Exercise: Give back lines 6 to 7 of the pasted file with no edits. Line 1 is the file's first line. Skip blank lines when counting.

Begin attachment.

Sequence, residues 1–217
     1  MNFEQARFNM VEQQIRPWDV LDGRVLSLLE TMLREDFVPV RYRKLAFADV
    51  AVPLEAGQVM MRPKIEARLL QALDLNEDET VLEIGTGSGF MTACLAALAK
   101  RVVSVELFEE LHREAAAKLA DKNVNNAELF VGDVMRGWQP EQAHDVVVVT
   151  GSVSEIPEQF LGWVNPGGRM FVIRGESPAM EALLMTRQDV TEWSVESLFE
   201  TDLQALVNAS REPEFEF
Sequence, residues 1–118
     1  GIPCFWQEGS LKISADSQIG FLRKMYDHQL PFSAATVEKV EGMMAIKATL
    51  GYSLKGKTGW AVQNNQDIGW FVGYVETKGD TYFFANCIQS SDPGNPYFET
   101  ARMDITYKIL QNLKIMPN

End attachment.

   201  TDLQALVNAS REPEFEF
Sequence, residues 1–118